“The West Coast’s natural resources and its microclimates are encouraging a number of niche primary sector initiatives which are outlined in the action plan,” Ms Upston says.
“We want to see if we can grow these industries into something bigger as they could provide substantial future employment opportunities.”
Ms Upston said whitebaiting is iconic to the West Coast and there are only a few commercial whitebait operations.
“An initiative in the Plan will look at potential risks to the sustainability of whitebaiting, as well as at protecting spawning sites. This work has the long term goal of developing a sustainable wild whitebait fishery on the West Coast,” Ms Upston says
In addition, the government will look at options to change legislation enabling ongoing access to timber on Public Conservation Land that is felled as a result of natural events.
Another initiative will explore using a social enterprise approach to developing new opportunities for horticulture, food and beverage in Karamea, and potentially throughout the region.
The implementation of the Plan will be overseen by the West Coast Regional Growth Governance Group with support from central government’s Regional Growth Programme.
Transport Minister Simon Bridges has announced an $18.5 million package of transport projects for the West Coast to help improve the region’s transport network.
The Government launched today the Tai Poutini West Coast Economic Development Action Plan.
“The West Coast’s distance from the main employment and business centres in the South Island and wider New Zealand means it is very dependent on safe and reliable transport links,” Mr Bridges says.
“The road network is particularly important for business connections and freight flows. That’s why we’re announcing a package of initiatives to improve safety and resilience of the region’s roads.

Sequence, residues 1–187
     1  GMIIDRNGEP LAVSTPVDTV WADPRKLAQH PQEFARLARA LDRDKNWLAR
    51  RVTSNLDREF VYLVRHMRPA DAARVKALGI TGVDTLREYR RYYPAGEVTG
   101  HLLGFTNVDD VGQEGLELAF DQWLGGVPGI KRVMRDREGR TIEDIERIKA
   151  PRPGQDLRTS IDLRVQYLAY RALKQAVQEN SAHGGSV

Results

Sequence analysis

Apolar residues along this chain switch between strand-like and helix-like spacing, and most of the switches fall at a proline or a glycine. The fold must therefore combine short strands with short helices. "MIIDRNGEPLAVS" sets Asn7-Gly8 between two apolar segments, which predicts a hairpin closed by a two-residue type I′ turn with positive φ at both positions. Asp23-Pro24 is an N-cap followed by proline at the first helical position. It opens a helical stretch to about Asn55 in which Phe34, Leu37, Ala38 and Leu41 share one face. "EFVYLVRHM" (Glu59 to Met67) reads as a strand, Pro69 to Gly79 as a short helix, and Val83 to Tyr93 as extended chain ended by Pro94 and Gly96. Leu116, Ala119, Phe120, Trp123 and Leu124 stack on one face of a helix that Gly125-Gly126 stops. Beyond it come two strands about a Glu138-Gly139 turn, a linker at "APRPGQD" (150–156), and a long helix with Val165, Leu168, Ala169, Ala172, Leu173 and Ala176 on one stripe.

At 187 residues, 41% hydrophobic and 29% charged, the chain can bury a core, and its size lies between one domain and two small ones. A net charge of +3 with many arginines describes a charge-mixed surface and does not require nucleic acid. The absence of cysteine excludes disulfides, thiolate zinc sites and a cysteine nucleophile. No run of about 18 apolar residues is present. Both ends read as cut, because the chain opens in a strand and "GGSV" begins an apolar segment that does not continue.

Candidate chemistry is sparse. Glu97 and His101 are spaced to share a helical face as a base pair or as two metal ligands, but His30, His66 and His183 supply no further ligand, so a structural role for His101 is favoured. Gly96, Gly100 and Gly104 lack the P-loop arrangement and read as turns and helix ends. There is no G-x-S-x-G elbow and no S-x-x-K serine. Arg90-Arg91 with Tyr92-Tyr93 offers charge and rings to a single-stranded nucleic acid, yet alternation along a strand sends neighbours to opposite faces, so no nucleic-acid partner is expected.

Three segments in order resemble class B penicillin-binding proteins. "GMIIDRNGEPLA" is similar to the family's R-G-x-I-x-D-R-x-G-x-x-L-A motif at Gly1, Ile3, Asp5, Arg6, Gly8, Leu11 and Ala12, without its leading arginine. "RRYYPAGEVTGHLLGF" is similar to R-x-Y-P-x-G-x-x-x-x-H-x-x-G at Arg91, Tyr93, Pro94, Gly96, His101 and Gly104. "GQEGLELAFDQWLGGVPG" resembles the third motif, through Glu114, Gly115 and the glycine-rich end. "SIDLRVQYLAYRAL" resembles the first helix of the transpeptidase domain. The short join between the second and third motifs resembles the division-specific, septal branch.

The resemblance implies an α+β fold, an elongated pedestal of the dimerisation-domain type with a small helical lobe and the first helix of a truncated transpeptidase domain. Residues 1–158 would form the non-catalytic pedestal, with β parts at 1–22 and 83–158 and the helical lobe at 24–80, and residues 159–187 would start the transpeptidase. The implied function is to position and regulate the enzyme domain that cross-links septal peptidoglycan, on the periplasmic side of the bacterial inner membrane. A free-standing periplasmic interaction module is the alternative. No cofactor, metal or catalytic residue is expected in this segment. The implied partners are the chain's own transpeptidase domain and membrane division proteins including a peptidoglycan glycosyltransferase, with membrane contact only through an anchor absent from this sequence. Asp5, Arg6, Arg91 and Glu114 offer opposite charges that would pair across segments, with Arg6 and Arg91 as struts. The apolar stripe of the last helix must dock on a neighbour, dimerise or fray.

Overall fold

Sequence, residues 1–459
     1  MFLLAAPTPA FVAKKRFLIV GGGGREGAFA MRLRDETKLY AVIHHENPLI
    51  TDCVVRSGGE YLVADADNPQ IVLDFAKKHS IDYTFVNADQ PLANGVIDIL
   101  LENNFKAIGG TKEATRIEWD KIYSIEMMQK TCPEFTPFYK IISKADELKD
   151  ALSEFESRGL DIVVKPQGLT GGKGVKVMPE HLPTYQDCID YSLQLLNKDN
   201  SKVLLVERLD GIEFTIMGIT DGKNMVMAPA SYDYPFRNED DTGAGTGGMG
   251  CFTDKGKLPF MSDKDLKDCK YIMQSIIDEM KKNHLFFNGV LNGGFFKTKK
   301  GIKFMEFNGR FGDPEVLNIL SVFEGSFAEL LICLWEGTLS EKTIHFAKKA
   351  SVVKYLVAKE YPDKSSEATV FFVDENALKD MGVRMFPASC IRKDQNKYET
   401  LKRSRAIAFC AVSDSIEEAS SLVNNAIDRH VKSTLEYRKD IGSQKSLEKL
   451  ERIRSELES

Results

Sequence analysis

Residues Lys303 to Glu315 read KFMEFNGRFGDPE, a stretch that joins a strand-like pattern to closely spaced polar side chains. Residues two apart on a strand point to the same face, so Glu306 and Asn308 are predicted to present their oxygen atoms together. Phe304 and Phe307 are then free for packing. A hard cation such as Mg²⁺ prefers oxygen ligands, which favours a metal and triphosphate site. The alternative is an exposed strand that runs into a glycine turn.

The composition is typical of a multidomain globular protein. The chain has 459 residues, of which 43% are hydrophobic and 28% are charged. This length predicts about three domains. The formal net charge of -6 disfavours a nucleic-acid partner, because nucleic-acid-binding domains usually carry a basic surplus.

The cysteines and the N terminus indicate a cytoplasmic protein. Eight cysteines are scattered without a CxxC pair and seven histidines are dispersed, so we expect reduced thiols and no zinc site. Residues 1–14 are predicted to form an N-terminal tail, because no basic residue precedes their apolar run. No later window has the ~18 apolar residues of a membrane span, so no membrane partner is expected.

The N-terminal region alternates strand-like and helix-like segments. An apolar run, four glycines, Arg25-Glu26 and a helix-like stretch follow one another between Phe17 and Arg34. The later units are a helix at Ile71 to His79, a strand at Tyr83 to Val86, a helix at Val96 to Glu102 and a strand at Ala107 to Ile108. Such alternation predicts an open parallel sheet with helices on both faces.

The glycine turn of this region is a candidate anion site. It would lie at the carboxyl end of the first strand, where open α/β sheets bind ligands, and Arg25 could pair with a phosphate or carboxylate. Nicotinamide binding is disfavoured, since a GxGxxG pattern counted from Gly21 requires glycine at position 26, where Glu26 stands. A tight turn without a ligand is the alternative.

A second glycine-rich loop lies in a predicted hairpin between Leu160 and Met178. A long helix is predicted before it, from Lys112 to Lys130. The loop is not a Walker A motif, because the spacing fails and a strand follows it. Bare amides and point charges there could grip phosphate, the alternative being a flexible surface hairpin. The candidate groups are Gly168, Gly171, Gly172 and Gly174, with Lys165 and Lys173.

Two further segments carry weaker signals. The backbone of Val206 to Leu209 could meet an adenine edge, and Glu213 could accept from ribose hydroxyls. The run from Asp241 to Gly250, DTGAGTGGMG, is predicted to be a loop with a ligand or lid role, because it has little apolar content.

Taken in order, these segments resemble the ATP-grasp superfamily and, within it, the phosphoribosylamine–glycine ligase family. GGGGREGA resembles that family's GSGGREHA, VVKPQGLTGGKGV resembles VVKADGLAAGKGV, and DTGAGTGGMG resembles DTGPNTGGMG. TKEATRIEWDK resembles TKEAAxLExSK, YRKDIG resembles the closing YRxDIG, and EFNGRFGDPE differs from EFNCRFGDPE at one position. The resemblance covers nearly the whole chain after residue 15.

“An addition to the package is the replacement of one of the last single-lane bridges in the region - Ahaura Bridge on State Highway 7 between Greymouth and Springs Junction – with a new two lane bridge at a cost of up to $15 million.
“The last remaining single lane bridge on the route, Stony Creek Bridge, which is expected to cost $3.5 million will also be replaced, with a Detailed Business Case for the replacement getting underway in the next year.
“Good progress is being made on the new two-lane road bridge over the Taramakau River. Completion of this long-awaited bridge at the end of next year will significantly improve safety, travel times and the journey experience for everyone.
“It will provide an important connection for freight through to Canterbury and Otago, and separate road, rail and cycling/pedestrian traffic, making it safer for all travellers. These improved cycle links will help grow the tourism opportunities that are developing along the West Coast, such as the Wilderness Trail,” Mr Bridges says.
Construction of the two new bridges being built on SH7, between Greymouth and Reefton, will help strength the network and provide even better connections.
The Government has already committed to spending $3.5 million in the next years for more no-passing lines and keep-left arrows, improving signage and installing safety barriers along SH6 and SH73, as part of its programme to improve safety for visiting drivers.
“Our investment is focused on road resilience and safer visitor routes. The New Zealand Transport Agency will work with local authorities and the Regional Transport Committee to keep improving the West Coast network to support the region’s economic prosperity,” Mr Bridges says.
Background for editors